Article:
The diagnosis is made by ruling out other conditions that may mimic the symptoms of fibromyalgia, including thyroid disease, adrenal disease, lupus, Lyme disease, rheumatoid arthritis, etc. Seventy-five percent of fibromyalgia patients have some degree of hypothyroidism, reported almost thirty years ago. The percentage is higher than that of the general population. Fibromyalgia patients were shown to have either a thyroid hormone deficiency or cellular resistance to thyroid.

Because the list of possible symptoms of fibromyalgia is long, making a differential diagnosis is difficult.

Workup for these patients is extensive, including traditional testing such as ANA, CBC, CMP, C-reactive protein, etc. AS WELL AS CYTOKINES AND AUTOANTOBODY LEVELS.

Extensive hormone levels are checked, as are toxicities such as heavy metals or pesticides. An antioxidant assay is performed and mineral levels checked.

A comprehensive digestive stool analysis is also performed, as well as T cells mediated allergy.

Amino acid analysis of urine as well as antibodies to infection such as Candida, Epstein-Barr,

Cytomegalovirus, herpes virus, Chlamydia, and Helicobacter might be checked. In addition, titers to Mycoplasma should be obtained.



The conventional medical solution for fibromyalgia, painkillers, is a prime example of symptom-driven treatment with little understanding of causes and equally slim chances of therapeutic success.

The symptoms of fibromyalgia are the result of underlying imbalances in the body, produced by multiple simultaneous infections and accompanying physical, mental, and environmental factors. Testing to rule out any of the previous mentioned causes is performed.

Of course, it is important to look for toxicities, nutritional deficiencies, and infections, including yeast, parasites, virus, Lyme, or its associated co-infections. By treating these infections and boosting nutritional intake, with good diet and proper supplementation, a person can reduce the burden on the immune system.

Detoxifying the body is another important component promoting a healthy immune system and addressing other factors that may contribute to fibromyalgia. As our environment and food are increasingly saturated with chemicals, the body’s mechanisms for elimination of toxins cannot keep up with the chemical deluge.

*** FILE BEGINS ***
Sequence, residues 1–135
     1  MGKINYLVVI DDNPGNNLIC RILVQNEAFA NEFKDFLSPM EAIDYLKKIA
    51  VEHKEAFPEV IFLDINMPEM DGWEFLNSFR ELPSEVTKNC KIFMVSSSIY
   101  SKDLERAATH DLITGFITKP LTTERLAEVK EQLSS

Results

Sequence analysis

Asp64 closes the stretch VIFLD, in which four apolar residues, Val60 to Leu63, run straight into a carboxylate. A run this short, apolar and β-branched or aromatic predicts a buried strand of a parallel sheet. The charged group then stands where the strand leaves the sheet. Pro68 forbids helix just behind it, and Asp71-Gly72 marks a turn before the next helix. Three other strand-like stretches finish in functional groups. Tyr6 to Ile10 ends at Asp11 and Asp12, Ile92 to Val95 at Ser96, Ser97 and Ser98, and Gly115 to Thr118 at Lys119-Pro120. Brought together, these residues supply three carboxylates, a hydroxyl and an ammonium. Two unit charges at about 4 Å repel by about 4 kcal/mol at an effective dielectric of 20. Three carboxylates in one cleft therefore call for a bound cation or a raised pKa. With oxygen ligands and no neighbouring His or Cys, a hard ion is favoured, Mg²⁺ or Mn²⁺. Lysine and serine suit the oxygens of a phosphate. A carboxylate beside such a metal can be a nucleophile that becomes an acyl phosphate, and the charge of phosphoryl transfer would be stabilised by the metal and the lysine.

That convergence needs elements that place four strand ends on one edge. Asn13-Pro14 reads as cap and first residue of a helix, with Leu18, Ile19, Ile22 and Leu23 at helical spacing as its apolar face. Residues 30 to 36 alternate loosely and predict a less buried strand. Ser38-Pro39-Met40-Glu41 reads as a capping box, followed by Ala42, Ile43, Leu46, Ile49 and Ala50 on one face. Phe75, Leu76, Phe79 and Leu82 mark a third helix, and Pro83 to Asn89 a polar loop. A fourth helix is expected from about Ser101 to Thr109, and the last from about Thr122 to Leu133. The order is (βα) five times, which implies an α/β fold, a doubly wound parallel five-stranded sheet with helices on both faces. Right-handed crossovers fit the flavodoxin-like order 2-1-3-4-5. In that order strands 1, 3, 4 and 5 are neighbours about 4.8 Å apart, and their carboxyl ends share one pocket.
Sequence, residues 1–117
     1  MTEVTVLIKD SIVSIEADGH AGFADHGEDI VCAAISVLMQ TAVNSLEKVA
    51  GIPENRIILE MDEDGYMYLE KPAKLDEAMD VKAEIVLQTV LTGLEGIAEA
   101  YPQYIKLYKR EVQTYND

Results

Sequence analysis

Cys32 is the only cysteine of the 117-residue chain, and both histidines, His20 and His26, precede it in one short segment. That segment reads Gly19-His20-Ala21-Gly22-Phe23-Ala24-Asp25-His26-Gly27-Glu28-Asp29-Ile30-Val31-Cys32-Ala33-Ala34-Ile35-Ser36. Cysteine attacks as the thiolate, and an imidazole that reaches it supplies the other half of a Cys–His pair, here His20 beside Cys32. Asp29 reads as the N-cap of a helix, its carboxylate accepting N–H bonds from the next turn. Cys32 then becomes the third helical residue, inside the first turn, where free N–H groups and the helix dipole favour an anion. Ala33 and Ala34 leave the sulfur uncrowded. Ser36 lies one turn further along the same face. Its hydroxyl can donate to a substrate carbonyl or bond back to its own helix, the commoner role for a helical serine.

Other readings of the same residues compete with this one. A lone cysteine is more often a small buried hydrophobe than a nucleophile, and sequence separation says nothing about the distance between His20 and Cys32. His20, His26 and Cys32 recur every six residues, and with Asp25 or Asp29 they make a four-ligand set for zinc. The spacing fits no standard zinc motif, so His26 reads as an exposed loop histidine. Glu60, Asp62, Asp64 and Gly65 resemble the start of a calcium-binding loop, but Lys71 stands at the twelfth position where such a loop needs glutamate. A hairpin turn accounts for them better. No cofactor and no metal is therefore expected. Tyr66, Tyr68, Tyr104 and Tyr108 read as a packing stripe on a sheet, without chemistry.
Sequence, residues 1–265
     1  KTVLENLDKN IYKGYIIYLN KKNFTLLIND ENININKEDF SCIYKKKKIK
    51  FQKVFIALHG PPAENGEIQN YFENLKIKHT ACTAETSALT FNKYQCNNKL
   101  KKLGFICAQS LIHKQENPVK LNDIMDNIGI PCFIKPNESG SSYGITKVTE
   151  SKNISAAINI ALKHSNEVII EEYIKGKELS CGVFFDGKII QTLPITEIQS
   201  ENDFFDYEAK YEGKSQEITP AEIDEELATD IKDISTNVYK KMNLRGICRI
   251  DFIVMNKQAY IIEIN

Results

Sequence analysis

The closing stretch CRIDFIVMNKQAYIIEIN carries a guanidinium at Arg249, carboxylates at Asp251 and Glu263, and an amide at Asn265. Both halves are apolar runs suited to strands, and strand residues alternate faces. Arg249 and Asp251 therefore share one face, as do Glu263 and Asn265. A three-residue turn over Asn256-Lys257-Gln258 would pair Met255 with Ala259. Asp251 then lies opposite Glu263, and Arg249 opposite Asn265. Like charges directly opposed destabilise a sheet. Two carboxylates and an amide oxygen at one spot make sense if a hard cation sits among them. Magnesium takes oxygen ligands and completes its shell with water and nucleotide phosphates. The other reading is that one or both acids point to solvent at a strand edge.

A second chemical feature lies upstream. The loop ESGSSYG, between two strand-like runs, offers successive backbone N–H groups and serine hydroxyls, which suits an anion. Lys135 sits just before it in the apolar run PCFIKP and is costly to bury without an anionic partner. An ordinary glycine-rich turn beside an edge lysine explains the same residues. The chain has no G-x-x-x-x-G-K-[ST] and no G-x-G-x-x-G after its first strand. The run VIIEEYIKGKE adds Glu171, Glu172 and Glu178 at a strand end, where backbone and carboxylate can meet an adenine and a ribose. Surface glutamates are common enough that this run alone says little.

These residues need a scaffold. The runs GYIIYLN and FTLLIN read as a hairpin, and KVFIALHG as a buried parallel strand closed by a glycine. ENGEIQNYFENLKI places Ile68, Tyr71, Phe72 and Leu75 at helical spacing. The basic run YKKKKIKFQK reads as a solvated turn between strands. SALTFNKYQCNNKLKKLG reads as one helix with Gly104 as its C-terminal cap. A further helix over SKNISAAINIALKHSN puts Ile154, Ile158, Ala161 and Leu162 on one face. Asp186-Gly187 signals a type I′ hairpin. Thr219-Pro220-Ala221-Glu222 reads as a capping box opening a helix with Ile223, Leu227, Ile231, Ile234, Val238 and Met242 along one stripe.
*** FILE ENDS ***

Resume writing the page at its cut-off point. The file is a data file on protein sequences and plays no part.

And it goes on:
LDN is starting to hold promise in helping millions of people with cancer, autoimmune disease, fibromyalgia, and a host of others. As a pharmacologically active opioid antagonist, LDN works by blocking opioid receptors, which in turn help activate the body’s immune system. The latest research just confirmed that LDN does in fact target the opioid growth factor and receptor pathway to inhibit self-proliferation and regulates the growth of cancer cells. Furthermore, it also works through your body’s immune system by elevating endomorphins, which play a role in relief of pain, fibromyalgia, and your mood.

Typically, LDN is taken at bedtime and a few hours later, in the middle of the night, there is up regulation of the immune system and an increase in your body’s own natural opioids or endomorphins. Low-dose naltrexone has shown promise in the treatment of various other diseases, such as hepatitis C, lupus, ulcerative colitis, chronic fatigue syndrome, irritable bowel, Alzheimer’s, Parkinson’s disease, and diabetic neuropathies.

I have used it myself for twelve years and have seen good results. This can be compounded by a compounding pharmacist at 4.5 mg. Recent studies performed at multiple universities including Stanford have shown benefit.


The hormone oxytocin is used to induce labor in pregnant women and large amounts are released during the childbirth and the uterus is stimulated to contract. There is now evidence to show that the hormone is invaluable in healing fibromyalgia, post-traumatic stress disorder, and functional dysfunction in both men and women. Oxytocin has also been shown to relieve stress induced by social pressure and I have found it to be very useful in the treatment of fibromyalgia.


A hormone panel is obtained in every patient and the hormones are replaced as necessary. Natural bioidentical hormones are used, such as Armour thyroid and cortisol. Melatonin, DHEA, pregnenolone, testosterone, progesterone, and estrogen are used when levels reveal a deficiency. These hormones are used in a transdermal preparation in order to avoid first-pass liver metabolism.

Other natural substances include phosphatidyl-choline, NADH, essential fatty acids, Q-10, ribose, PQQ, cetyl myristoleate, and, at times, cayenne to deplete substance P. The patient is also counseled on diet, exercise, massage, and other modalities. Neurotransmitters are balanced in every patient. Food allergies, when appropriate, are also tested for and an elimination diet is instituted.